Sixth Season of HVSF2 Begins August 5th


Joins us for the sixth season of HVSF’s captivating and popular series HVSF2, exploring robust, new plays. HVSF’s acting company members will be featured in readings of contemporary works by some of America’s most celebrated playwrights at The Depot Theatre in Garrison.

August 5th: Whiting Award winner Meg Miroshnik’s, THE DROLL {A Stage-Play about the END of Theatre}, inspired by the theater closures of Puritan England

August 7th: Pulitzer Prize winner, Will Eno’s, GNIT, a modern adaptation of Henrik Ibsen’s PEER GYNT

August 12th:Tony Award winner, Richard Nelson’s GENERAL FROM AMERICA , an iconoclastic portrait of Benedict Arnold

August 20th: Critically acclaimed Kate Hamill’s VANITY FAIR, an adaptation of William Thackeray’s masterpiece

To buy tickets  visit the Depot Theatre’s web site at or call our box office at 845-265-9575 for more info.  Space is limited so order today.

Hudson Valley Shakespeare Festival serves up delightful Two Gentlemen of Verona


By Francis Marion Platt

For Almanac Weekly

Published on June 26, 2014

On a fine June evening, with Boscobel’s iconic view of the Hudson Highlands, the river itself and Constitution Marsh as a backdrop, the Hudson Valley Shakespeare Festival (HVSF) officially launched its 2014 season with The Two Gentlemen of Verona. A husband-and-wife team of HVSF regulars, Kurt Rhoads and Nance Williamson, along with a scene-stealing dog named Rex O’Reilly, anchor a game and talented ensemble of younger actors performing under the direction of Eric Tucker.

Written circa 1590, Two Gentlemen is one of William Shakespeare’s earliest plays, if not the very first. So, comparatively speaking, it’s unsophisticated and unpolished, the characters lacking depth and the abrupt turns of plot occasionally unpersuasive to modern ears. It’s by no means complex enough to be classified as one of the Bard’s “problem plays,” but its simplicity is deceptive, and the ending can still perplex us: The hero, Valentine (Ethan Saks), interrupts his duplicitous best friend Proteus (Andy Rindlisbach) as he’s threatening to rape Valentine’s betrothed Silvia (Susannah Millonzi). He then not only promptly forgives Proteus in the name of amity, but actually offers Silvia to him without so much as a by-your-leave to the lady. Proteus’ jilted fiancée Julia (Magan Wiles), who has been following him disguised as a male page, then swoons before being unmasked.

A comedy cobbled together from several Elizabethan sources in which male friendship is extolled as deeper and more enduring than romantic love, the play is a tough sell to contemporary audiences unless rendered with the deftest touch as the message-free, lightweight bauble that it was always meant to be. We’re supposed to walk away from it amused and delighted, not aghast at Proteus’ reprehensible behavior and Valentine’s overindulgence of his betrayal of both their friendship and his oaths of love to Julia. Proteus may read like an early sketch for the despicable Bertram in All’s Well that Ends Well, but he’s meant to be not so much a confirmed cad as a fickle young hothead, like Romeo when he’s distracted from moping over Rosaline the moment he spots Juliet at the Capulets’ ball.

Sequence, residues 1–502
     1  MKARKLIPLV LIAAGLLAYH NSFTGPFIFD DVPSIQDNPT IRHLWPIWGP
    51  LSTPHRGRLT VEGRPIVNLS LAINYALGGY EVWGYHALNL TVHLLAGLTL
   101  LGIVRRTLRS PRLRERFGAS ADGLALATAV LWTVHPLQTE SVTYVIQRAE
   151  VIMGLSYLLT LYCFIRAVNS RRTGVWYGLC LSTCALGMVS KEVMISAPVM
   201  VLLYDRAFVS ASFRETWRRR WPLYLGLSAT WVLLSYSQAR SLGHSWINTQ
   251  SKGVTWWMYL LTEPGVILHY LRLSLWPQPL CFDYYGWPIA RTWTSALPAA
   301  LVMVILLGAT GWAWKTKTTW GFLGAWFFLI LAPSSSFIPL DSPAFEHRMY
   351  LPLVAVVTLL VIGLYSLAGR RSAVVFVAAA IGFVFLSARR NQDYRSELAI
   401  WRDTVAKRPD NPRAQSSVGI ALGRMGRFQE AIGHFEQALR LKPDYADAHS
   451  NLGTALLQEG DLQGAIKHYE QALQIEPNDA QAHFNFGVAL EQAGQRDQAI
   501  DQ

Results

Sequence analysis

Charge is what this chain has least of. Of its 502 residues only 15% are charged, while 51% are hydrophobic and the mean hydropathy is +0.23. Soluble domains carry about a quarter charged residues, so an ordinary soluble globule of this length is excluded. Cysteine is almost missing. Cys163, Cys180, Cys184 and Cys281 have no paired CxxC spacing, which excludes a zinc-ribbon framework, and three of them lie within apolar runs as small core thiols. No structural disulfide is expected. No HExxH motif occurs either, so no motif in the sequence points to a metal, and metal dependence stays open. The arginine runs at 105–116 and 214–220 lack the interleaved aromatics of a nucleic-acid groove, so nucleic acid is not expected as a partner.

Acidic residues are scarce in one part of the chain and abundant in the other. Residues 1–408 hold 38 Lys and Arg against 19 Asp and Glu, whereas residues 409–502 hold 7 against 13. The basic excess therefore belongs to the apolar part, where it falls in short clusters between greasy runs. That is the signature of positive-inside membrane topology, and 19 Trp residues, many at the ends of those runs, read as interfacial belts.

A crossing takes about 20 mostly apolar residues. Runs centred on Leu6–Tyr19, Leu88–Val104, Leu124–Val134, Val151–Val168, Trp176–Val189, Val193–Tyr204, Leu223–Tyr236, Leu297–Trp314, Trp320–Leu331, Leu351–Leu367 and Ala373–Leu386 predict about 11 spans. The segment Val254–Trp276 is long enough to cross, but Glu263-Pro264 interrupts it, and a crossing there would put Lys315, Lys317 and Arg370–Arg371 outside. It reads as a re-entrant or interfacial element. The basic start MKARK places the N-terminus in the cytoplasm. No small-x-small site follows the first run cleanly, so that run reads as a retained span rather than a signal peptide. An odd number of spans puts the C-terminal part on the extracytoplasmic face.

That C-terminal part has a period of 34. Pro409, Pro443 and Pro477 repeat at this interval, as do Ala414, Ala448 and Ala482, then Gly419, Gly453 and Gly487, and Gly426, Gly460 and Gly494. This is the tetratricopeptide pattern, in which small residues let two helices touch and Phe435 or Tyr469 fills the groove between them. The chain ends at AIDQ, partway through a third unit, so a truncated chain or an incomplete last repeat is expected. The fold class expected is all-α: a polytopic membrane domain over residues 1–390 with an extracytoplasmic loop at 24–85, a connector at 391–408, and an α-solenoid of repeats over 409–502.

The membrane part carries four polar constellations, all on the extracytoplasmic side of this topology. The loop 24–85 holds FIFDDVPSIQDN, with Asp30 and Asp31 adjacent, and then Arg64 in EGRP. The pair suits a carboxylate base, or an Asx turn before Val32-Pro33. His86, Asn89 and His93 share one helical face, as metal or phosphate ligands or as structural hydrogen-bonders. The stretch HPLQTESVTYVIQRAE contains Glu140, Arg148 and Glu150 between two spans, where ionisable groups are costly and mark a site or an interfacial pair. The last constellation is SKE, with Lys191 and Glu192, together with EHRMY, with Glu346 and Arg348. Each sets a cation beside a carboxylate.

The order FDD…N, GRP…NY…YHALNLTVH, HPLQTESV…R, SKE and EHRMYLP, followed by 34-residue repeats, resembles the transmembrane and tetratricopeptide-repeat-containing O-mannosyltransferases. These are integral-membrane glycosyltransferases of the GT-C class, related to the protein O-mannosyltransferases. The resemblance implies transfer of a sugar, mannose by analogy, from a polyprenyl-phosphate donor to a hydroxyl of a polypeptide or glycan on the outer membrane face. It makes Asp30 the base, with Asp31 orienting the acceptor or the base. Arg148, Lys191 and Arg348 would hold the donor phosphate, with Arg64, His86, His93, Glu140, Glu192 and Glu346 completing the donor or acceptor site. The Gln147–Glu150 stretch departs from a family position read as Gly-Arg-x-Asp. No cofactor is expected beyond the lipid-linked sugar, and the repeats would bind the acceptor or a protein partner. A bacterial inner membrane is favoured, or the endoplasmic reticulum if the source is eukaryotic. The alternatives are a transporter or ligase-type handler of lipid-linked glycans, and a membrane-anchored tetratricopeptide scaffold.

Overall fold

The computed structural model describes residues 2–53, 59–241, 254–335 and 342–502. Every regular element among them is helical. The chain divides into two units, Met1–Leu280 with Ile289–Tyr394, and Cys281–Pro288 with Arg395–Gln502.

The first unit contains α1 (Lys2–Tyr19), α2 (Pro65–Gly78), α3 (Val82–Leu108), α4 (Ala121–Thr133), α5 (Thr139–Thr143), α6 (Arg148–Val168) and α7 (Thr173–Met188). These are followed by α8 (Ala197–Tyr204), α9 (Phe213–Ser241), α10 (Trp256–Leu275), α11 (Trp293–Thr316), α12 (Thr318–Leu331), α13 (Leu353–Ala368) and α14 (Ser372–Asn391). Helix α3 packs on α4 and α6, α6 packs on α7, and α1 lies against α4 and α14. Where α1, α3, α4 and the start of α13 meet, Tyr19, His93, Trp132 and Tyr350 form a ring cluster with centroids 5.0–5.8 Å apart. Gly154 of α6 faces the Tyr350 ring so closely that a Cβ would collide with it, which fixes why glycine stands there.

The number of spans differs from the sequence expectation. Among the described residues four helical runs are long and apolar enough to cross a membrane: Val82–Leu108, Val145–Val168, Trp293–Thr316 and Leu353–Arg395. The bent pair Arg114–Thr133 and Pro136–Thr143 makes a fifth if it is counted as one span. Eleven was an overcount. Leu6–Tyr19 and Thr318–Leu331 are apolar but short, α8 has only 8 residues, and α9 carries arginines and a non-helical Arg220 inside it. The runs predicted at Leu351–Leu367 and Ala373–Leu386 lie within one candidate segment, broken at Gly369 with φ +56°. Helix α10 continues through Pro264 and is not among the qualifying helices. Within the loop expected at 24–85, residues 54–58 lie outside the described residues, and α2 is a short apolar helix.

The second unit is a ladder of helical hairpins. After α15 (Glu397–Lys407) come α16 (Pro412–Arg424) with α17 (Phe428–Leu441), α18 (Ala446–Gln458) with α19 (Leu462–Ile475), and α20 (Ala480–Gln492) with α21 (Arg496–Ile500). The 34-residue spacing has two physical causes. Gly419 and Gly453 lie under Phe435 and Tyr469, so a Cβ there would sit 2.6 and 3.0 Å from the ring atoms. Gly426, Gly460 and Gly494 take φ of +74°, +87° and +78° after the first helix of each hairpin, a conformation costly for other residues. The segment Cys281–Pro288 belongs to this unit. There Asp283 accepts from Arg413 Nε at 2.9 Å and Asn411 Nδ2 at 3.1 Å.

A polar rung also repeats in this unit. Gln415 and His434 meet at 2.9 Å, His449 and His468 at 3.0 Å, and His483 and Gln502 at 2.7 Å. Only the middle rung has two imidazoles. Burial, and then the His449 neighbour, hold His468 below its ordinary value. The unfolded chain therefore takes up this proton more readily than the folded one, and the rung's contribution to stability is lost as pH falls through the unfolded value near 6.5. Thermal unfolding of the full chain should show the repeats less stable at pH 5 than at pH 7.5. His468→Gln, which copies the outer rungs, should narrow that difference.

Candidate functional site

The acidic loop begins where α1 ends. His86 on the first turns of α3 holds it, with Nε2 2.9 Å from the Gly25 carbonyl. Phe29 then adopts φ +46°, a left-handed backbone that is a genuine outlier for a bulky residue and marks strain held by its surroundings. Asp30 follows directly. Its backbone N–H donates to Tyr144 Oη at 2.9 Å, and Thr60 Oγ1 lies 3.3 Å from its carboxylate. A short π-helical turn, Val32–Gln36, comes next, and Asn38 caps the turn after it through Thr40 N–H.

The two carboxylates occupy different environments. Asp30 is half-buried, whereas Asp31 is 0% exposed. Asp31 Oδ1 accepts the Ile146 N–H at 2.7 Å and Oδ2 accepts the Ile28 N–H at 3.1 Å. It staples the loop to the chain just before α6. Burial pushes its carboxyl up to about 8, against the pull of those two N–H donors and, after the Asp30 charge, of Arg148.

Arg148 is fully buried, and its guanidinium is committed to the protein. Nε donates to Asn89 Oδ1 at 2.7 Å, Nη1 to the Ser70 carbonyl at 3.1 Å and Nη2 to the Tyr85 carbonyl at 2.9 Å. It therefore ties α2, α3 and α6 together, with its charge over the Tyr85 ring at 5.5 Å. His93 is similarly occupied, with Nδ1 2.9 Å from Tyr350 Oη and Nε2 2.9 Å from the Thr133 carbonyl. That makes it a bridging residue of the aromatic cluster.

Deflecting our attention from the play’s dicey ethics is not all that easy a thing to accomplish, but Tucker and his company manage it handily, thanks in large part to a spare, airy production in which sets are nonexistent and nothing seems tethered to the ground. Dance elements and body sculpture choreographed by Alexandra Beller are incorporated throughout to simulate architectural elements such as Julia’s tower window and even a fountain, with half a dozen actors spouting water from their mouths simultaneously. In the scene where several of the principals – fleeing Milan after Valentine is banished by Silvia’s father, the Duke (Leopold Lowe) – are captured by bandits, lopped-off tree limbs are held in place by recruits from the audience only so long as is necessary to suggest a forest. The bandits themselves are as inept and comically polite as the Pirates of Penzance, and no one in the play, including Silvia, ever seems to be in any real jeopardy even from the impulsive Proteus.